Video Series

Video Transcript

We've already discussed in the series of videos how the chipping technique is actually quite a simple technique, but golfers still find the skill very difficult to do. Now we know the margin of error is quite small in terms of how we actually contact the ball. But also the margin of error when we're hitting on to the green can be quite difficult to quantify as well, because golfers often struggle with the mental side of chipping as much as they struggle with the physical side of chipping.

Now, one of the key issues here is actually in terms of picking targets. Golfers see the green and think, “Well, anything on the green will do me.” Bang. The ball goes on the green, but it is not going anywhere near the flag.

Now, if you've got a shot from 20 yards out, nothing in the way to a flag. You don’t really want to be just on the green. You want to be a little bit more focused about getting it nice and close. So we want to be picking really quite small targets. Now, rather than just aiming for the green which is 20 yards wide, 20 yards deep. We want to be landing on a particular section of that green. Maybe even a particular blade of grass or an old pitch mark or something like that, something that when you look at the surface of the green you can define.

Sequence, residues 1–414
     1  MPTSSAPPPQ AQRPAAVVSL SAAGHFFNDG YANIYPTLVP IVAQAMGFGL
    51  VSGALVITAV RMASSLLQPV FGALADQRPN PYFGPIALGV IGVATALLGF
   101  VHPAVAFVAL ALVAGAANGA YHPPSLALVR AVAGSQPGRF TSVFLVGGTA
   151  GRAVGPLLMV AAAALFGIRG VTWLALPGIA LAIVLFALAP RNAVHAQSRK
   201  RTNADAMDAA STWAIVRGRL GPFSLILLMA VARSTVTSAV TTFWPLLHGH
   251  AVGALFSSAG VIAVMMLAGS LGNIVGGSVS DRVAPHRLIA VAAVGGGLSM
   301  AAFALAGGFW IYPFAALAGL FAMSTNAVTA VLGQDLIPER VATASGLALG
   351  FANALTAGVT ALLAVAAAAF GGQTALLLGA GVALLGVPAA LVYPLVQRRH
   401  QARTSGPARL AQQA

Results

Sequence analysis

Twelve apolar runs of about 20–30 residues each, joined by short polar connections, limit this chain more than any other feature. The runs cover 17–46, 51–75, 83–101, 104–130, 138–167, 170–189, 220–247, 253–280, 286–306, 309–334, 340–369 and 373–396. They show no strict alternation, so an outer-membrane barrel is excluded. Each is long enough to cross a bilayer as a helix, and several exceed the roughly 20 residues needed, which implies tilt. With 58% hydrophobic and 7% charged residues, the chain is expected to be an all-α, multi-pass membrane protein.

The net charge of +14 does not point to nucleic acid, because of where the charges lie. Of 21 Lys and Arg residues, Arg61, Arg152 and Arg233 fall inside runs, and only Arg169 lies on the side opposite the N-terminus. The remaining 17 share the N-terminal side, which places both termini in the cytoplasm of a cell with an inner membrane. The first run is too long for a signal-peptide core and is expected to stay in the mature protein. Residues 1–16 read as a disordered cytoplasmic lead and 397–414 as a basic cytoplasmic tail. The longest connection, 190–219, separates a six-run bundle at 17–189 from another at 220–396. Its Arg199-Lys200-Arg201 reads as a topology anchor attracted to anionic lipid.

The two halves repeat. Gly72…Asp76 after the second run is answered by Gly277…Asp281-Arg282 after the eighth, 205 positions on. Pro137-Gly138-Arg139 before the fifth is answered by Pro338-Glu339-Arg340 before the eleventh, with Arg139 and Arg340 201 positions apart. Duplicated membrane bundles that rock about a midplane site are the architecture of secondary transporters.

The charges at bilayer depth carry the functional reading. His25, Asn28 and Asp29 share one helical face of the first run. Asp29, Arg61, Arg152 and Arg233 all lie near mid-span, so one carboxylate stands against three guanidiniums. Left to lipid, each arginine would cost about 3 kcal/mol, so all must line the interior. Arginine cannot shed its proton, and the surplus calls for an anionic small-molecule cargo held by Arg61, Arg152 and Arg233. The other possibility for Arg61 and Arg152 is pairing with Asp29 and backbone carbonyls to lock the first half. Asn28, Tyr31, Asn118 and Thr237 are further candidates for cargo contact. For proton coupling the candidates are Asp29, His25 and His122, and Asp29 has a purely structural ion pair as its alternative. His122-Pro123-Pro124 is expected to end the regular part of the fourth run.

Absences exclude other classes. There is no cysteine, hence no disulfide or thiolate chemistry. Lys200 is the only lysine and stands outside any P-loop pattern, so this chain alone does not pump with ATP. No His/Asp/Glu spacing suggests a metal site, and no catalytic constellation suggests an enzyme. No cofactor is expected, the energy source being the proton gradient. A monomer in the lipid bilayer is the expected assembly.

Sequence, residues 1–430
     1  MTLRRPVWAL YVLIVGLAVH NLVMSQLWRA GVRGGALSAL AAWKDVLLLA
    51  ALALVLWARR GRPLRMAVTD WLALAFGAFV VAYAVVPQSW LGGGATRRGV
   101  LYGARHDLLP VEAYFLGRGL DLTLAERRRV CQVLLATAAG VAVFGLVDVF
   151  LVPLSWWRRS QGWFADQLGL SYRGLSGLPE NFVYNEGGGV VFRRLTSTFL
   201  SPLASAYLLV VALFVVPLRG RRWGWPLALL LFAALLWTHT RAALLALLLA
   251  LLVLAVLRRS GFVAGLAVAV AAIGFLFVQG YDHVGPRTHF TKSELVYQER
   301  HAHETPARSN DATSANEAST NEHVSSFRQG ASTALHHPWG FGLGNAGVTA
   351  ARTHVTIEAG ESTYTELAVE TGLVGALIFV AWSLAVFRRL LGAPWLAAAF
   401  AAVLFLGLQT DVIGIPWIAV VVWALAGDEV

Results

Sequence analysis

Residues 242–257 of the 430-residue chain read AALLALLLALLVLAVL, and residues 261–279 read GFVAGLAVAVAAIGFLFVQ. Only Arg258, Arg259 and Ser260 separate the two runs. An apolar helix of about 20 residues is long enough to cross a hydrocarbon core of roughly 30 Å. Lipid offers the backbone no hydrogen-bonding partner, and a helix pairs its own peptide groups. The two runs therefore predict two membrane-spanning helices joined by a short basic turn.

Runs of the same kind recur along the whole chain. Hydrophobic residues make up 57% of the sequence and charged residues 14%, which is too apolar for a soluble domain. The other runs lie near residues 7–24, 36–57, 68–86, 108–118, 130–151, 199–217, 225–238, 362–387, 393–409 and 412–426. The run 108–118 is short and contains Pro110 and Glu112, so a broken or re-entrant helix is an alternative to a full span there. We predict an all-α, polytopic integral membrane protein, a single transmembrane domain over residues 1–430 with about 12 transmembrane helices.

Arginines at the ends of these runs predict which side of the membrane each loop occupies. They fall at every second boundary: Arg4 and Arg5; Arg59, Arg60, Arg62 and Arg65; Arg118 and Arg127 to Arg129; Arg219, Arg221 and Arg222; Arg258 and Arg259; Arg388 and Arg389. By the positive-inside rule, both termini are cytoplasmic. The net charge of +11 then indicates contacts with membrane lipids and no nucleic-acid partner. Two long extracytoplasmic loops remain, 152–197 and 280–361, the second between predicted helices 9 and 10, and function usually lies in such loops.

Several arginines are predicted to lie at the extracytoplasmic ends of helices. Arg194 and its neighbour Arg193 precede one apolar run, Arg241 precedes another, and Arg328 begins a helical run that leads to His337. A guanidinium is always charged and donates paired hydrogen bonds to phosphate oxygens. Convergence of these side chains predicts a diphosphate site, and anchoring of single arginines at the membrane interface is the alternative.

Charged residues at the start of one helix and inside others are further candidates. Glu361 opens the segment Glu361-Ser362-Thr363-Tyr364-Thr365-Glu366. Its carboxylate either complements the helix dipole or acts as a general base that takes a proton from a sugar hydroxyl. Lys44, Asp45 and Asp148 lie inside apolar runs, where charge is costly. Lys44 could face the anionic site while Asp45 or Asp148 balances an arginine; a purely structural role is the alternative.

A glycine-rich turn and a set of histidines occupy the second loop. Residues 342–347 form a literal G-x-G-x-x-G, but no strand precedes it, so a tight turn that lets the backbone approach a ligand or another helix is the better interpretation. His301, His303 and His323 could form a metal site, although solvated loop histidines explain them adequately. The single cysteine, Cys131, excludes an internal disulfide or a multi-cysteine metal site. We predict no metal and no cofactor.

And when you’re standing up to the shot, you’re focused on that one spot when you’re practicing backwards and forwards looking at that spot. And that spot is not where you want the ball to finish. That’s the spot where you want the ball to land. So you might also need to walk up there and actually read the green a little bit.

Golfers are quite keen on reading the greens. When taking putts, we get down on old falls and we look for the left and the right, then a brake and then we hit the putt. But golfers very rarely read the green when they're chipping on. But actually when the ball lands and chips on to the green, it might roll quite a long way, particularly if you're playing a low bump-and-run shot. So it will be well-worth walking up onto the green, having a good look. Is it going to go left to right, right to left, uphill or downhill? And then you can pick an appropriate spot on the green ready to play your shot. There's no point in hitting a ball straight to the flag and then it takes that breaking curve off into a bunker and thinking, “Oh, I didn't read that.” Well, you should have done because that green didn't change shape. So walk there, have a good look around at the surface, work out your landing area.

Then as you are setting up behind the ball, pick that quite small target, a couple of nice practice swings and then go ahead and pitch the ball up to the target. And use that target for feedback. Did you hit a good shot in relation to where it finished next to that spot? And hopefully if you can practice that in your technique in your practice sessions as well, practice chipping to a spot when you practice on the golf course will definitely pay off and improve your skills the next time you play.